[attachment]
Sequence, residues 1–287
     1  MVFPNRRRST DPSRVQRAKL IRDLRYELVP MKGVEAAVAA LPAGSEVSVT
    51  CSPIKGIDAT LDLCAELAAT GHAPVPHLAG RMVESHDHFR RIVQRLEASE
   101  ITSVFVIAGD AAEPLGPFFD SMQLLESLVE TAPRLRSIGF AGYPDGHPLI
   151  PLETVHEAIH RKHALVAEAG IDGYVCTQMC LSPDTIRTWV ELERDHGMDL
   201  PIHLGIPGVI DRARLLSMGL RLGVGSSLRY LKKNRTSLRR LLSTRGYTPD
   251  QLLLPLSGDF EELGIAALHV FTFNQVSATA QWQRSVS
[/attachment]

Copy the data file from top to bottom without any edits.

Sequence, residues 1–287
     1  MVFPNRRRST DPSRVQRAKL IRDLRYELVP MKGVEAAVAA LPAGSEVSVT
    51  CSPIKGIDAT LDLCAELAAT GHAPVPHLAG RMVESHDHFR RIVQRLEASE
   101  ITSVFVIAGD AAEPLGPFFD SMQLLESLVE TAPRLRSIGF AGYPDGHPLI
   151  PLETVHEAIH RKHALVAEAG IDGYVCTQMC LSPDTIRTWV ELERDHGMDL
   201  PIHLGIPGVI DRARLLSMGL RLGVGSSLRY LKKNRTSLRR LLSTRGYTPD
   251  QLLLPLSGDF EELGIAALHV FTFNQVSATA QWQRSVS